Sweet potato – These hearty vegetables can last up to two to three months in storage. Like regular potatoes, they can be stored out of the fridge in a box in a cool pantry or kitchen corner. When choosing sweet potatoes at the shops, choose ones with firm tapered ends. If the end feels like it has started to go soft then it’s an indication that the potato is old.
Sweet potatoes are an incredibly versatile vegetable. Use them as a straight swap for regular potatoes as mash, jackets or fries. Roast them in chunks to add to curries, casseroles or salads. They also make a delicious soup. Try adding a tin of coconut milk and a little Everyday Caribbean seasoning to your next sweet potato soup for a spicy twist.
Broccoli – Always pick the firmest broccoli you can find in the shops. A trick to extend the life of broccoli is to trim off the end of the stem and submerge the stem in iced water, then store the whole vegetable (including the container with the water) in the fridge loosely covered with a plastic bag. Try not to wash the floret part of the broccoli before storing as this encourages bacteria that can rot the florets.
Always a favourite side veg, try it roasted with lemon and garlic for a change. Broccoli is perfect in a stir fry: for a quick and easy meal, fry your broccoli with garlic, ginger, sesame oil and soy sauce, add cooked tofu and noodles and stir well. Simple and delicious! Don’t forget to use the stalk too, slice finely and add to your stir fry or grate it up and add to coleslaw or salad.
Leeks – Although leeks, like onions, can be stored in a cool dry place, leeks often contain soil which can be a risk for E.coli and so refrigeration is best. It is a good idea to store them in a separate non-perforated bag (to catch any soil) and add a paper towel or sheet of kitchen roll to control moisture. It is impractical to wash leeks before storage and so they should be washed thoroughly before use to remove any traces of soil, especially inside the sheaths.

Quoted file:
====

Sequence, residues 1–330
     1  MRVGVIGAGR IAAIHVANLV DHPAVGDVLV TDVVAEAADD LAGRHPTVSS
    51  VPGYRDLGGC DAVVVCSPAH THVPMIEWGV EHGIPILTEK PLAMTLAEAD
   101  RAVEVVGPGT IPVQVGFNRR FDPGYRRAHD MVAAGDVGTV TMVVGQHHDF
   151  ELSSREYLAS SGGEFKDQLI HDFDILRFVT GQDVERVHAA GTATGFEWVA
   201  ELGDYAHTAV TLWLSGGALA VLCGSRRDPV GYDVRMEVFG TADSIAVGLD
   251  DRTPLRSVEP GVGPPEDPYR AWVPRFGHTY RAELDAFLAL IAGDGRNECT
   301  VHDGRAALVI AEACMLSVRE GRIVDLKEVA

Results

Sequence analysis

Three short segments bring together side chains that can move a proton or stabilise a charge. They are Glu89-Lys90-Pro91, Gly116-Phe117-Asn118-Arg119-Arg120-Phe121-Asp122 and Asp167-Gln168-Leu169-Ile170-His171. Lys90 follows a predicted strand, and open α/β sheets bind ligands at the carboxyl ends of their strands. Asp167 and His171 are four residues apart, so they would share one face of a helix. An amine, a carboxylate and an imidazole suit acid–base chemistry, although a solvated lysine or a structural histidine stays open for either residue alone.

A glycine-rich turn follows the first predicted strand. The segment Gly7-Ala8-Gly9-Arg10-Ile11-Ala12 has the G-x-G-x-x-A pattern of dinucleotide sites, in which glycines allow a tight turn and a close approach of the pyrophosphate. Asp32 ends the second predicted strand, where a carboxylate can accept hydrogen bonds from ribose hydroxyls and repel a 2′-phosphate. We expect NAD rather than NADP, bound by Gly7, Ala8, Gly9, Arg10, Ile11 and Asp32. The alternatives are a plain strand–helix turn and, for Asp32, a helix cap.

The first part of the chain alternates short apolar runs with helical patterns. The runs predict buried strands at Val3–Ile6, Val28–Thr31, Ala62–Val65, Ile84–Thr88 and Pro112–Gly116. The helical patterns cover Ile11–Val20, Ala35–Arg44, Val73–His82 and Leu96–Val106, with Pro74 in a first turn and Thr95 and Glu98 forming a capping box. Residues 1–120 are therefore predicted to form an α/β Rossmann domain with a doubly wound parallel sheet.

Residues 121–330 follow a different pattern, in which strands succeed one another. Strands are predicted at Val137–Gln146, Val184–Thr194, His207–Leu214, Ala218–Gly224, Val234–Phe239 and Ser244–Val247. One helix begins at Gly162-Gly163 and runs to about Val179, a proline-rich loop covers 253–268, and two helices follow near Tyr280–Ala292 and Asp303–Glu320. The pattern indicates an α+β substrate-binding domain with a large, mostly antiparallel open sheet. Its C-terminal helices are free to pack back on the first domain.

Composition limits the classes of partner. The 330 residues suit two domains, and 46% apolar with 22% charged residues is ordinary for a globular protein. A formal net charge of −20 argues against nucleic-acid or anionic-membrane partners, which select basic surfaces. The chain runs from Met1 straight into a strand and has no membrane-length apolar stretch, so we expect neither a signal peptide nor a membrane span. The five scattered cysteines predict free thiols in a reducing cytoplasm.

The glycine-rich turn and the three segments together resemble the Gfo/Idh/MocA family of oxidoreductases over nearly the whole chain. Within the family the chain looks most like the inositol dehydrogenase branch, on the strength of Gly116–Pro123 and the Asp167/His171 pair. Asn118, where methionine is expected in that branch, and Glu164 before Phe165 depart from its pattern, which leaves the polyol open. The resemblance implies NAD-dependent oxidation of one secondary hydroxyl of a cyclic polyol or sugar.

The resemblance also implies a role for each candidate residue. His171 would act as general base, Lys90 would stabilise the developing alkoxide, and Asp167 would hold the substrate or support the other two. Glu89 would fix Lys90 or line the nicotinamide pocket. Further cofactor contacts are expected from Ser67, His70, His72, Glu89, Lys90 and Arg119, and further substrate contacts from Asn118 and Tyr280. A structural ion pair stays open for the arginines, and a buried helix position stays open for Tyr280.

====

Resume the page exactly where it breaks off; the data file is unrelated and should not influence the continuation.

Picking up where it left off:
Chargrilling leeks will add a smoky flavour and bring out the natural sweetness. This works well on a BBQ too. Brush chunky leek slices with a little oil and season with salt and pepper first. The chargrilled slices are delicious on their own or added to quiches or risotto.
Green pepper – As these are unripe peppers, they will last longer than the yellow and red ones, typically around two to three weeks. Store your peppers whole in the vegetable container. Once they are cut, they will quickly dry out and only last two to three days.
Green peppers are a little more bitter than red or yellow ones so best to use them in cooked dishes. They are great roasted and added to pasta sauces or try stuffing them with veggie mince and cheese for a lovely main meal.
Red cabbage – Cabbage can be stored in the fridge, but also a cool storeroom or storage cellar for up to two months. You don’t need to wash cabbage before storing.
Braised red cabbage is a classic dish that can be cooked in bulk and reheated when you need it: add a few apple slices for extra sweetness. Red cabbage makes a wonderfully colourful slaw too: just mix with grated carrot, sliced onion and mayo. If you have a bit more time on your hands set some aside to pickle with your favourite pickling liquor. For a healthy snack, toss a few smaller leaves in a little oil, salt and pepper and cook in the oven on a very low heat for around and hour until crispy.
Stocking your home with plenty of fresh veg needn’t be daunting. These quick and easy tips will help you find the freshest veg available and turn it into tasty meals between supermarket trips, so you can have your veg and eat it!